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Coping Intelligence: Coping Strategies and Organizational Commitment Among Boundary Spanning Employees

Abstract

In this study, we develop a new theoretical framework of Coping Intelligence (CI) which examines relationships between coping strategies and organizational commitment among boundary spanning employees. We collected data from 452 boundary spanning salespeople using multiple sources. Results demonstrate that a formative model of Coping Intelligence (CI) is superior to a reflective model and that problem-focused coping contributes to CI which, in turn, is related to affective and normative commitment. Further, our more parsimonious formative model illustrates that positive problem-focused coping and negative emotion-focused coping contribute to both affective and normative commitment. After controlling for gender and salespeople’s commission (from company’s personnel record) in separate analyses, results remain significant. We provide additional insights: Females are likely to use emotion-focused coping than males, but gender is not related to organizational commitment. Salespeople’s commission is positively related to both affective and normative commitment but unrelated to coping strategies. We shed new lights on boundary spanning employees’ Coping Intelligence and organizational commitment and offer theoretical, empirical, and practical implications to coping strategies and business ethics.

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Notes

  1. 1.

    “Tell them to do good, to be rich in good works, to be generous, ready to share”. (1 Timothy 6: 18).

  2. 2.

    “To anyone who has, more will be given and he will grow rich; from anyone who has not, even what he has will be taken away”. (Matthew 13: 12).

  3. 3.

    “tempt you through your lack of self-control”. (1 Corinthians 7: 5).

  4. 4.

    “Those who want to get rich are falling into temptation and into a trap and into many foolish and harmful desires, which plunge them into ruin and destruction. For the love of money is the root of all evils.” (1 Timothy 6: 9-10).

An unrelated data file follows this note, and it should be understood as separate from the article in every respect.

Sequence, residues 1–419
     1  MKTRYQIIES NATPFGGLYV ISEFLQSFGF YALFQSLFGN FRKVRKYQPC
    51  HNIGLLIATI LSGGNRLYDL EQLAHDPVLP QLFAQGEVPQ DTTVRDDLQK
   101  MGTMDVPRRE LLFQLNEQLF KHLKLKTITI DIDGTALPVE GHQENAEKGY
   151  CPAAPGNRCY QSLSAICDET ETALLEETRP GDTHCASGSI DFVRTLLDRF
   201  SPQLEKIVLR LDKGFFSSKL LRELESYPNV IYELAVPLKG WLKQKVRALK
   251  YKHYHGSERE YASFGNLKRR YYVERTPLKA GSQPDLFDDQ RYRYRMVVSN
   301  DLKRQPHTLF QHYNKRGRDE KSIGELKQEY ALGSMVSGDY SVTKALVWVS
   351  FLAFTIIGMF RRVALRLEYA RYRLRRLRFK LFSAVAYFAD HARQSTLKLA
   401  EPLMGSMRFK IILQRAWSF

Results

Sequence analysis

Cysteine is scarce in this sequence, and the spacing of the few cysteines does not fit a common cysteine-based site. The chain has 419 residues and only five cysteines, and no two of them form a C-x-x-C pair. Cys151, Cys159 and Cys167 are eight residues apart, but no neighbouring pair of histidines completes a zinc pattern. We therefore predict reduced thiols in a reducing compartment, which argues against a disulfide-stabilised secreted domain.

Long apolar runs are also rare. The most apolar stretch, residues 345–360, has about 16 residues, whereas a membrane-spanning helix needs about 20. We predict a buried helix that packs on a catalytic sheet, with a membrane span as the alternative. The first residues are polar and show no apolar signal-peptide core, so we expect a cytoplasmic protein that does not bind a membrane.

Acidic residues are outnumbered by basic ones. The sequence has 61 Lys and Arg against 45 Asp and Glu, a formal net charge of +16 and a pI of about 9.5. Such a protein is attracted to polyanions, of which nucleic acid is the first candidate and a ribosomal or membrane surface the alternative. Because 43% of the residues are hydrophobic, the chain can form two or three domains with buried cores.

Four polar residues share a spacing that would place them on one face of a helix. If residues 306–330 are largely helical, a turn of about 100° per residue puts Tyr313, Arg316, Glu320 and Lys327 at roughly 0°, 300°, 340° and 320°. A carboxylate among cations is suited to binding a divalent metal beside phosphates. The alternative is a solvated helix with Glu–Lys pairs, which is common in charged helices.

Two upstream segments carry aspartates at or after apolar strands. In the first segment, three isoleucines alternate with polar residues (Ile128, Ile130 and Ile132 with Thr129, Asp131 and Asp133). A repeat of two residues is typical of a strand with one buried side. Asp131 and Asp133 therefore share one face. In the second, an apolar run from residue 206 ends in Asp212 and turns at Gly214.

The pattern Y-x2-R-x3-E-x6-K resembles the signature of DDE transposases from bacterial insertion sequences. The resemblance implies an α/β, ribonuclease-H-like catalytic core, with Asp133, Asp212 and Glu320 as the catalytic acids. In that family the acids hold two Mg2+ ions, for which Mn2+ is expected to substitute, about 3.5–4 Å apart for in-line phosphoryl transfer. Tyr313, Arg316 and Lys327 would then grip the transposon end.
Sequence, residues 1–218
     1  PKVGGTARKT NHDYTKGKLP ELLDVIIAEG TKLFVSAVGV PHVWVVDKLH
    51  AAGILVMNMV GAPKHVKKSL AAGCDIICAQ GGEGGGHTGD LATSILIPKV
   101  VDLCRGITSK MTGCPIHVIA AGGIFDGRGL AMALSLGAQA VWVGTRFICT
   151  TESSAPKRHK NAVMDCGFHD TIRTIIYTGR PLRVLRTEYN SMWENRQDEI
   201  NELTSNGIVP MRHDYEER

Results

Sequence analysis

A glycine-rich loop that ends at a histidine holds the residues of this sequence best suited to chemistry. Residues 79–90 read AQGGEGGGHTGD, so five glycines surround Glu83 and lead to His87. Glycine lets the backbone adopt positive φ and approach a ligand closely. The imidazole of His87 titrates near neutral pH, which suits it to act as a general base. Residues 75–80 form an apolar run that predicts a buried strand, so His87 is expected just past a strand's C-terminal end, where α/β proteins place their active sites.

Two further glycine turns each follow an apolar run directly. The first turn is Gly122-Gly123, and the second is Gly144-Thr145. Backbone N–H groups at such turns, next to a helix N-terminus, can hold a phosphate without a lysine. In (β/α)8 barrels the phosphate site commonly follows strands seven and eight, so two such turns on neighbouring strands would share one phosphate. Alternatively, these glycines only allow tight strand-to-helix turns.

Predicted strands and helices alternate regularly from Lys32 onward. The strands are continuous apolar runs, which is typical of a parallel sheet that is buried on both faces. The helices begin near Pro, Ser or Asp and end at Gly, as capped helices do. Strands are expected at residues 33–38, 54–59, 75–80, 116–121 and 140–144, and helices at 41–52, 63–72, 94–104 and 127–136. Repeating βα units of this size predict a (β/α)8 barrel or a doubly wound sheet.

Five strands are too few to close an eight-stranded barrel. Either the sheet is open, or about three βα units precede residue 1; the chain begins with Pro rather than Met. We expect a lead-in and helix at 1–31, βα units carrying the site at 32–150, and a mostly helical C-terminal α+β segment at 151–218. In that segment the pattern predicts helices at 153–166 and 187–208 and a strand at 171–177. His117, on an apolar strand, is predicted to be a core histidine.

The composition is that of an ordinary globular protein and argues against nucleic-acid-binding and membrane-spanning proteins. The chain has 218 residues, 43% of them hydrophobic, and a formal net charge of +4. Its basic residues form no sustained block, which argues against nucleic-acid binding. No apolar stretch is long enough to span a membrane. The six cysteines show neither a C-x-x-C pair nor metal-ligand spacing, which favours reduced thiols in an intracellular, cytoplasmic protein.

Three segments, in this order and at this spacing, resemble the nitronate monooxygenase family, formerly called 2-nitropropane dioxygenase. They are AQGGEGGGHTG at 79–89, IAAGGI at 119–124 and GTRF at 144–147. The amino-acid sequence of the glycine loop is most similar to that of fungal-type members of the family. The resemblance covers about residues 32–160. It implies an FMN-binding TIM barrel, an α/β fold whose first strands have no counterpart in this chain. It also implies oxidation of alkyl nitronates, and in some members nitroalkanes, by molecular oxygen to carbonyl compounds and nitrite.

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Acknowledgments

The authors would like to thank Jeff Sager of University of North Texas for his insightful guidance of this research project and support of data collection.

Author information

Correspondence to Thomas Li-Ping Tang.

Appendix: Coping Strategies

Appendix: Coping Strategies

Problem-focused coping (CI-P)

  1. 1.

    I try to work more efficiently

  2. 2.

    I devote more time and energy to my job

  3. 3.

    Decide what I think should be done and explain this to the people who are affected.

Action-focused (escape, mental disengagement) coping (CI-A)

  1. 4.

    Watch TV

  2. 5.

    Eat snacks

  3. 6.

    I take it out on family or friends by getting angry at them

Emotion-focused coping (CI-E)

  1. 7.

    I hope a miracle will happen

  2. 8.

    I try to forget the whole thing

  3. 9.

    Have fantasies about how things would work out

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Srivastava, R., Tang, T.L. Coping Intelligence: Coping Strategies and Organizational Commitment Among Boundary Spanning Employees. J Bus Ethics 130, 525–542 (2015). https://doi.org/10.1007/s10551-014-2234-4

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Keywords

  • Stress
  • Boundary spanning
  • Coping strategies
  • Problem-focused
  • Action-focused
  • Emotion-focused
  • Coping intelligence
  • Organizational commitment
  • Affective
  • Continuance
  • Normative
  • Gender
  • Sales commission
  • Ethics